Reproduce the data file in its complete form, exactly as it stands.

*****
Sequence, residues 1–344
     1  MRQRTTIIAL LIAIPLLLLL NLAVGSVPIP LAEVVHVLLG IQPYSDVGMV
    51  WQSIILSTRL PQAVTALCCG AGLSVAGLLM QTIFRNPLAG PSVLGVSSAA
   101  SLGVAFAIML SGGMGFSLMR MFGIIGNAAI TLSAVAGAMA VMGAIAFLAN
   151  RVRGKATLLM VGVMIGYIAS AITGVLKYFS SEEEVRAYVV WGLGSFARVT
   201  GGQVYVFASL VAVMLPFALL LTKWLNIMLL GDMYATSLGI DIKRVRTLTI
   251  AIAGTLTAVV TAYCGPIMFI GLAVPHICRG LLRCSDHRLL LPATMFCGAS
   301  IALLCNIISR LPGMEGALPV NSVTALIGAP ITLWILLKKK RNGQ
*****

Sequence, residues 1–344
     1  MRQRTTIIAL LIAIPLLLLL NLAVGSVPIP LAEVVHVLLG IQPYSDVGMV
    51  WQSIILSTRL PQAVTALCCG AGLSVAGLLM QTIFRNPLAG PSVLGVSSAA
   101  SLGVAFAIML SGGMGFSLMR MFGIIGNAAI TLSAVAGAMA VMGAIAFLAN
   151  RVRGKATLLM VGVMIGYIAS AITGVLKYFS SEEEVRAYVV WGLGSFARVT
   201  GGQVYVFASL VAVMLPFALL LTKWLNIMLL GDMYATSLGI DIKRVRTLTI
   251  AIAGTLTAVV TAYCGPIMFI GLAVPHICRG LLRCSDHRLL LPATMFCGAS
   301  IALLCNIISR LPGMEGALPV NSVTALIGAP ITLWILLKKK RNGQ